So along with bringing things into
the cell, active transport also involves
bringing things out of the
cell and across the cell.
So in exocytosis, vesicles are going
to fuse with the plasma membrane
and spit out their contents
into the extracellular fluid.
And in transcytosis, vesicles are gonna
move across the cell from one side to the other
and sometimes fuse with neighbouring cells.
So we've discussed the plasma
membrane extensively, now let's switch gears
and move to the inside or the
internal environment of the cell.
The inside of the cell
consist of the cytoplasm
and in the cytoplasm, you have the cytosol or
the intracellular fluid that's found in the cell,
and you have organelles which are the
specialised structures that are gonna perform
different functions inside of the cell.
So before we talk about
all of the different structures,
let's talk about the cell skeleton
also referred to as the cytoskeleton.
The cytoskeleton are different types of
filaments and tubules found throughout the cell.
They give the cell a
structural integrity or its shape
And they also allow for movement of
substances across the cell as sometimes
they are intracellular highways
and surface streets on your cell.
So there's three main cytoskeletal elements.
The smallest of them are the
microfilaments also known as actin
and the medium size is going
to be your intermediate filaments
and the largest of them is
going to be your microtubules.
Each of these cytoskeletal elements
plays an important role in the cell.
Your actin microfilaments are very important for maintenance of shape of the cell and they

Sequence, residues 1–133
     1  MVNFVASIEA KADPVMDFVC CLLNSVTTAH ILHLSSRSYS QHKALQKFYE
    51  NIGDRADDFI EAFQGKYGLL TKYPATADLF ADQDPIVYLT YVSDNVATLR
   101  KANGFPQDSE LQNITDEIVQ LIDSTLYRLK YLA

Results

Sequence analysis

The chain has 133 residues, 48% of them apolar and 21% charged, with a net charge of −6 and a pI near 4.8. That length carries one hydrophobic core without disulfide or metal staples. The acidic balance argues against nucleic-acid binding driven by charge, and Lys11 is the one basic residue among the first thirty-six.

also allow for some movement of substances through the cell especially at the cell surface
The intermediate filaments are usually
surrounding the nucleus of the cell
and help to create their nuclear
lamina or the area around the cell
so that the nucleus is in
the right place of the cell.
And then the microtubules which extend from
near the nucleus toward the periphery of the cell
is also very important for structure
as well as transport of cargo
throughout the cell using
the vesicles in the cell
so the vesicles are going to
basically travel along this microtubules.
So the microtubules extend from a
specific structure known as the centrosome.
And the centrosome is made up of two
centrioles which are at 90 degrees to each other
and are located just next to the nucleus.
And so from the centrosome, these microtubules are
going to grow or radiate from this area of the cell.
This is especially important
when we're talking about mitosis
as the centrosomes play a central role in
the production of spindle fibers in mitosis
Another structure that is derived from the
microtubules of the cell are the cilia and the flagella.
These both involve movement, either movement
of particles or movement of the cell themselves.
For example, in the respiratory
system, you have cilia that allow you
to cough up substances that you don't want getting
down into the lower respiratory area of your body.
And when you think of flagella,
think of sperm and their ability to swim
toward an oocyte in order
for reproduction to occur.
So the cilia and the flagella in our bodies
are going to move in different ways.
The flagella are usually going to
move in a propeller-like or a round motion
whereas the cilia in our body
are going to beat back and forth
so the analogy that I like to use is a boat.
If you have the opportunity
to have a motorboat,
the propeller on the back of the
boat is gonna propel you forward
whereas if for whatever
reason your motor doesn't work,
you always can use the oars and move
back and forth in order to get where you're going.